Good Practice Pointers Before Traveling as a Non-Immigrant

Practice Areas

By: Carmen C. Lopez

As an employer, there are several good pointers you can recommend to your employees who hold non-immigrant visas such as L-1 or H-1B, before traveling outside the United States.  Some of these recommendations include the following:

  1. Ensure that the validity period of the foreign passport the employee holds, is valid for at least, the validity period of the approval notice (i.e. Form I-797A or I-797B).
  2. Have the employee print his/her Form I-94 U.S. arrival/departure record immediately upon entering into the United States to verify the validity period is correctly issued. This can be done at https://i94.cbp.dhs.gov/I94/#/home.
  3. Ensure that the employee has a valid visa in their passport issued by the U.S. Consulate before they enter the United States.
  4. Ensure that the employee carries the necessary documents when entering the United States such as their Form I-797A or Form I-797B.

We often see common problems, when some of the above actions are not taken.  If a foreign national enters the United States, and their passport is valid for a shorter time than the validity of their H-1B or L-1 approval notice, the foreign national, will only receive an I-94, valid for only the life of the foreign passport.  The validity on Form I-94, can never be longer than the life of the foreign passport.  This puts the status of the foreign national in jeopardy.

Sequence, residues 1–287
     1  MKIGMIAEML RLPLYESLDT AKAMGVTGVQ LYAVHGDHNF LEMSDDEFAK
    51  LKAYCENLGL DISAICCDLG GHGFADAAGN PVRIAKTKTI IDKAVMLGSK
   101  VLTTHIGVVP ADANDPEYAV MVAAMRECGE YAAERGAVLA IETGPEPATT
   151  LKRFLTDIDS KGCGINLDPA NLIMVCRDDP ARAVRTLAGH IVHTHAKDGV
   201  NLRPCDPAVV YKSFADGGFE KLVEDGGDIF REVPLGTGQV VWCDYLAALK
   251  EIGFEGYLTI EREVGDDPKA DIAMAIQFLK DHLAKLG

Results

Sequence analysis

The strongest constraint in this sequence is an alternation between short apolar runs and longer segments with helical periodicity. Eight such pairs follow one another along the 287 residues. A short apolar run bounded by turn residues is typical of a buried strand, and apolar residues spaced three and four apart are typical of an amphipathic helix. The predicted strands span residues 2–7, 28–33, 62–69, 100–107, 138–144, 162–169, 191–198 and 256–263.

Other common issues occur when the foreign national does not print their I-94 immediately after entering the United States.  There are times when the validity of the I-94 is incorrectly issued by U.S. Customs and Border Patrol (CBP), causing serious consequences to the foreign national. For example, the foreign national enters the United States and the validity of the I-94 is shorter than the validity of the H-1B approval notice, Form I-797.  The validity of the last issued I-94 will take control of the foreign national’s status.  By the time the foreign national realizes the I-94 was incorrectly issued, the foreign national has been on an expired I-94 for over 1 year, triggering a 10-year bar.  Time spent in the Unites States, on an expired I-94, constitutes unlawful presence and unlawful employment.

There are ways a foreign national can correct the validity of the I-94 when CBP incorrectly issues an I-94.  One way is to make an appointment through Info Pass through the United States and Immigration Services (USCIS) website found at https://my.uscis.gov/appointment.  The foreign national would visit the Deferred Inspections Department to have the I-94 corrected. They should carry documents such as their passport, Form I-797B (approval notice approved for consular processing) or Form I-797A (approval notice approved with the I-94 attached to it).  Please note that Deferred Inspections Department, cannot extend the validity of the I-94, due to having a passport with a shorter duration. Another way of correcting an I-94, is by visiting CBP through a Class A Port of Entry.  Alternatively, in San Ysidro, the foreign national doesn’t have to travel outside the United States to correct the I-94. They can simply visit the San Ysidro Land Port of Entry (on the U.S. side) located at 415-499 Virginia Ave, San Diego, CA 92173. The foreign national would pay $6.00 and the I-94 can be issued. They don’t have to cross into Mexico.

Finally, please note that H-1B visas issued by the U.S. Consulate remain valid, even if the foreign national changes employment. 9 FAM 402.10-11(A).  Therefore, if the foreign national obtained an H-1B visa in their passport while employed with company A, but changed their employment to company B, the foreign national can still avail to the H-1B visa in the passport, so long as it remains valid.